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Tuesday, April 27, 2010

My Literature Classes

It all started from my favorite poem entitled AN OBSTACLE by Charlotte Perkins Gilman, then my (present) students labeled me as "a woman movement fighter". LOL.

Annually, every even semester I have two classes in one private university in Semarang: Poetry Analysis and Drama Analysis. As an acclaimed feminist, one can guess that I will choose some materials related to women in the two classes. Besides "An Obstacle", I discussed "Reassurance", which was also written by Gilman. I chose it when in the class discussing 'some poems written by the same poet' to recognize the presence of the poet in his/her works. For those who study Gilman's works, they will easily recognize that all of her works represent her ideas as one 'heroine' for equality, be it poems, articles, or short stories.

Gilman lived in an era (1860-1935) where many American women struggled for suffrage. Nevertheless, Gilman never involved herself in such a struggle because she believed that to make women equal with men, having rights to vote in general election was not enough. She opined that women had to get equal rights to work outside the home, as well as to bear their own name, instead of just known as Mrs. X.

To commemorate Kartini Day on April 21 (FYI, Kartini was chosen by Soeharto New Order regime as a heroine for her struggle to give women equal chance to pursue education) I chose two other poems to be discussed in Poetry Analysis class, "Dedication of the Cook" by Anna Wickham, a British poet, and "Women of My Color" by Wanda Coleman, an African American poet. The two poems illustrate different problems women face. Wickham questioned whether women could have their private time to do what they wanted – such as to “indite an ode or mend a sonnet”, to be a great poet – and not troubled by household chores. Meanwhile, Coleman described the unfavorable condition to be born as a black woman. It is obviously stated that African American women had to liberate themselves first from any stereotypes addressed to them, then they could join the white women’s struggle for equality with men.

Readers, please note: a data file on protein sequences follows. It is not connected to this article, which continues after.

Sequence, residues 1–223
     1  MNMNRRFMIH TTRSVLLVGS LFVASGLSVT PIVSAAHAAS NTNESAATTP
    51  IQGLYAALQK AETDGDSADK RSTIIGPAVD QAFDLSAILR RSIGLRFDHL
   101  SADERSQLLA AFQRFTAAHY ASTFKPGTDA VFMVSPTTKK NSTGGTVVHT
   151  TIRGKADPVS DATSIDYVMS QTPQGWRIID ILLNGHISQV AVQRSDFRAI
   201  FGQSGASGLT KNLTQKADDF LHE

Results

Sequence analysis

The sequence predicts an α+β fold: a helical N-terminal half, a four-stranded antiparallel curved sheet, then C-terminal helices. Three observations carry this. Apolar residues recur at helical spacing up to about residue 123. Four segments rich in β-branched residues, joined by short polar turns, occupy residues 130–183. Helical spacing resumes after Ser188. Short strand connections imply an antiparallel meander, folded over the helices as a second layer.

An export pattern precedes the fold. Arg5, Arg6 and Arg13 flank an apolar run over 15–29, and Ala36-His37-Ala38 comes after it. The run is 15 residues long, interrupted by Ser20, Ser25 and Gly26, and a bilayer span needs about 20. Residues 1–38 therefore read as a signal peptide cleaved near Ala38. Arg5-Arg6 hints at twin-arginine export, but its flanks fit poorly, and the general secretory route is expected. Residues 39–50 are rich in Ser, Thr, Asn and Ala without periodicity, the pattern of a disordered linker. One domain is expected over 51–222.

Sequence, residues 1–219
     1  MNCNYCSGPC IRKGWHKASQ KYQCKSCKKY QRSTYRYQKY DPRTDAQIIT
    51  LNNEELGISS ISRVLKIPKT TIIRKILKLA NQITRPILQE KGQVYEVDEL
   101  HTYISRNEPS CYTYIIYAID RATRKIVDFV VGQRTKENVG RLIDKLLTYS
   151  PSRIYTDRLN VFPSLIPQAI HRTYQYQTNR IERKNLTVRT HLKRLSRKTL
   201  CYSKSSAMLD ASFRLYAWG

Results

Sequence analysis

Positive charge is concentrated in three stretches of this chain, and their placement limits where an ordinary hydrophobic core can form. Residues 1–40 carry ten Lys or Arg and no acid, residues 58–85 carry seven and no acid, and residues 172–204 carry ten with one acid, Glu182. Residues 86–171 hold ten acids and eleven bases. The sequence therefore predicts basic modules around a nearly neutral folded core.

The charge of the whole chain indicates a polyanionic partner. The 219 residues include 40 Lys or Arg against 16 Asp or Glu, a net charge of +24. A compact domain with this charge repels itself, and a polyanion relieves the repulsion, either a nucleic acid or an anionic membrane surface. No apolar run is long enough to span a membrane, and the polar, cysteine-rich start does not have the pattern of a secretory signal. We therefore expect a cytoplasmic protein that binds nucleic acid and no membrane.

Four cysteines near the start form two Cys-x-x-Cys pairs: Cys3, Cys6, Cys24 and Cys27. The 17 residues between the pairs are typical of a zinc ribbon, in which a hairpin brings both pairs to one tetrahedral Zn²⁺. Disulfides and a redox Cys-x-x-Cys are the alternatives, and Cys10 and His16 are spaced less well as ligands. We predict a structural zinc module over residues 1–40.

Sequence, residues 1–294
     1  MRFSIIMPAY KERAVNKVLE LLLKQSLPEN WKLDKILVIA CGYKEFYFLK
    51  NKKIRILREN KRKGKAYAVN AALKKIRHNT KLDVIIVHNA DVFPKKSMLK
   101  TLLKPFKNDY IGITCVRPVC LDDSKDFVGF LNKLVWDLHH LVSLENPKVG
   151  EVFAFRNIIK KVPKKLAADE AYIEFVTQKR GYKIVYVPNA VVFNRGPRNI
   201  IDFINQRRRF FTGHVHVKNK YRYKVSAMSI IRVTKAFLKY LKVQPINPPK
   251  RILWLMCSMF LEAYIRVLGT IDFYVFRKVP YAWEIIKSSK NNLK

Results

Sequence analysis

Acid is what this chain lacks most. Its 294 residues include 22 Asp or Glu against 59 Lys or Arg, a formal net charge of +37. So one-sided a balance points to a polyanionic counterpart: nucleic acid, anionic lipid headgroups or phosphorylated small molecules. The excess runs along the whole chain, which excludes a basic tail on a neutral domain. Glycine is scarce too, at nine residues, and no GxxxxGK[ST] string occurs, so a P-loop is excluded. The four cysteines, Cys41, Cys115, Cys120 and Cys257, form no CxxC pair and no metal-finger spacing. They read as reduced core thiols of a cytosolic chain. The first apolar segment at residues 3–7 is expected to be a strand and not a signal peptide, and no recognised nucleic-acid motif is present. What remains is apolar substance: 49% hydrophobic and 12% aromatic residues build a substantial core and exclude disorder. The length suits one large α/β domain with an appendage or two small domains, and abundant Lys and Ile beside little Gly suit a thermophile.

In Drama Analysis class, I chose TRIFLES by Susan Glaspell. Although this play was written around a century ago, Glaspell sharply chose a topic that is still up-to-date nowadays. She narrated the way men viewed women, bothering ‘trivial’ things too much so that they were not as alert as men, while in fact, from those ‘trifles’ the two women in the play even successfully discovered the background why Minnie Foster murdered her husband.

One very favorable thing for me to teach literature classes: I choose any literary work through which I can expose my feminist perspective, to ‘awaken’ my students from the latent danger of patriarchal culture. :)

PBIS 10.40 270410

My analysis on 'An Obstacle' is at

My analysis on "Women of my Color" is at

My analysis on "Reassurance" is at

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